Mikhail Mordkin (Russian: Михаил Михайлович Мордкин; December 9, 1880, Moscow, Russian Empire - July 15, 1944, New York) graduated from the Bolshoi Ballet School in 1899, and in the same year was appointed ballet master.
He joined Diaghilev's ballet in 1909 as a leading dancer. After the first season he remained in Paris to dance with Anna Pavlova. He then formed his own company, the All Star Imperial Russian Ballet, which toured America in 1911 and 1912.
Mikhail returned to the Bolshoi and was appointed its director in 1917.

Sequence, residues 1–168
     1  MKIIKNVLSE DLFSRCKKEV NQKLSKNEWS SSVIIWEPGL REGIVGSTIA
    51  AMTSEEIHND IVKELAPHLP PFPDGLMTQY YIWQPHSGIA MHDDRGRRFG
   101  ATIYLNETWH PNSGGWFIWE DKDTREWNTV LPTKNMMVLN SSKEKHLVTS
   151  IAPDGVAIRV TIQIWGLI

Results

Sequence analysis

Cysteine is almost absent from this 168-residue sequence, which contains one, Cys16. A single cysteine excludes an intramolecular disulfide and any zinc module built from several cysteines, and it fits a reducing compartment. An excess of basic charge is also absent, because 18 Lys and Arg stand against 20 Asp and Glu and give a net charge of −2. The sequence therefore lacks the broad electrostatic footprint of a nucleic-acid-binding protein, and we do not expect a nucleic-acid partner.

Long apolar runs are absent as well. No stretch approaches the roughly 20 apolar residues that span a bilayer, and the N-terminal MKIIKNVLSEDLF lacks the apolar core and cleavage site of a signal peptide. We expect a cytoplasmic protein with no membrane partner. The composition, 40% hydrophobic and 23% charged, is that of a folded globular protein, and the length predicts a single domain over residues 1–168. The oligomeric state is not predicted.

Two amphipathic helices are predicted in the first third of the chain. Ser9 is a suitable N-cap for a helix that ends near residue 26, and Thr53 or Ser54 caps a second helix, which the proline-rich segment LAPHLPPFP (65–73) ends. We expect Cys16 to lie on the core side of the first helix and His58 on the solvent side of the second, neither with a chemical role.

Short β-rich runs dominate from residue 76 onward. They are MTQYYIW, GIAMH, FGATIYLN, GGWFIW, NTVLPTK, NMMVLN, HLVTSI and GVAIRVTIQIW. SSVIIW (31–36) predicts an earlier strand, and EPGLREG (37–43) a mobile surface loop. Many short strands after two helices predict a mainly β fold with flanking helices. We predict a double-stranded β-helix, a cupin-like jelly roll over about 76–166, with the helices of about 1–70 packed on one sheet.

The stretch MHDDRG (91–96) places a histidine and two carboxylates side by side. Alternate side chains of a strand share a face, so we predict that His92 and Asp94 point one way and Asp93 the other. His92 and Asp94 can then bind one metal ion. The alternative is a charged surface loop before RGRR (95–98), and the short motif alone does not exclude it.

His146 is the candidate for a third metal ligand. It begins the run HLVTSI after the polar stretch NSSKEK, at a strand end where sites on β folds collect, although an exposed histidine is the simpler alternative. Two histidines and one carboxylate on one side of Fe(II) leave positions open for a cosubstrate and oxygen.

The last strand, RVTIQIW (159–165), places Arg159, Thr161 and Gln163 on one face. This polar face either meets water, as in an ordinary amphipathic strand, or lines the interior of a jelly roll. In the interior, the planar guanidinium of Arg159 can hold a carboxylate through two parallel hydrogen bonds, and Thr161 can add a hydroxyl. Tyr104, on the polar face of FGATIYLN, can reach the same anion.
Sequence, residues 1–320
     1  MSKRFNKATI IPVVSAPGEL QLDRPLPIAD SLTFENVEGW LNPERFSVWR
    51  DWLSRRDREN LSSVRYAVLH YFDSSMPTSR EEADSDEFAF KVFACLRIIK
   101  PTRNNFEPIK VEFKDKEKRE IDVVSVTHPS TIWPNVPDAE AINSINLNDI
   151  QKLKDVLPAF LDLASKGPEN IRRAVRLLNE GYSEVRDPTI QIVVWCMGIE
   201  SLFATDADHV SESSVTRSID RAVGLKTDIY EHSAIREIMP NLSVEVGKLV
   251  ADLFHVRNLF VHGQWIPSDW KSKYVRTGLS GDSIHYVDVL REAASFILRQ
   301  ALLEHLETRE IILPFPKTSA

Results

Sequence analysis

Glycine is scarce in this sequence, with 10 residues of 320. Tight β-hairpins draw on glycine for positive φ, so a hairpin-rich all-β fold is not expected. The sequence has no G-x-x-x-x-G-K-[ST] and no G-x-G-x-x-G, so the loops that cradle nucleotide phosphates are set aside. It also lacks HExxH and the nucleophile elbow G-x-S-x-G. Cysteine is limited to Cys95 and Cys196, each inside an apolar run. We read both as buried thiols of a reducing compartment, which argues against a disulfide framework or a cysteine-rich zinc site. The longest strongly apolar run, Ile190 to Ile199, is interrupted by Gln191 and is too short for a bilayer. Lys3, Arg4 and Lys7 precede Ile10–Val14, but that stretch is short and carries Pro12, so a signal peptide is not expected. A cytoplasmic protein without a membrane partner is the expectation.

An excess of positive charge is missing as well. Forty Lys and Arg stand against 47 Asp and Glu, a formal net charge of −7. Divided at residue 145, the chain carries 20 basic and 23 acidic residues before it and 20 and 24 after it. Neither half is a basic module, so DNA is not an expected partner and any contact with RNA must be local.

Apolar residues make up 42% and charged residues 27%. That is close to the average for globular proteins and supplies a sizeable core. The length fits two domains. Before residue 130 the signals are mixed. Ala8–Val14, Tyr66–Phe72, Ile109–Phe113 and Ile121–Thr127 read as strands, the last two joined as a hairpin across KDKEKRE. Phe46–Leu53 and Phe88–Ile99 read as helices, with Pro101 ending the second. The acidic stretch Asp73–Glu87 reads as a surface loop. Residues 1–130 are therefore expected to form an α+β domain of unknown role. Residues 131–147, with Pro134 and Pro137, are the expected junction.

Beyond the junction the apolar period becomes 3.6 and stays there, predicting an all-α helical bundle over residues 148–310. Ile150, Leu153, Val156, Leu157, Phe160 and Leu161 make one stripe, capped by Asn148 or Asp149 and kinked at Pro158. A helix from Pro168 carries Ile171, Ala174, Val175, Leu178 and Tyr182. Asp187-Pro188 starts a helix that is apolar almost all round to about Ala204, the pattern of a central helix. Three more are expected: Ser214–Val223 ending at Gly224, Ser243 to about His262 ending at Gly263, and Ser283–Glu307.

He left Russia after the October Revolution, first working in Lithuania, and finally settling in the United States in 1924. He founded the Mordkin Ballet in 1926, for which he choreographed a complete Swan Lake and many other ballets. His company included such distinguished artists as Hilda Butsova, Felia Doubrovska, Pierre Vladimiroff, Vera Nemtchinova and Nicholas Zvereff. After a European tour the company disbanded in 1926.
Mordkin continued to be a freelance artist and teacher, including at the Cornish School in the 1920s. From among his students in America he formed a new Mordkin Ballet in 1937. Although he had been pushed into the background, Mordkin helped build the foundation for ballet in America.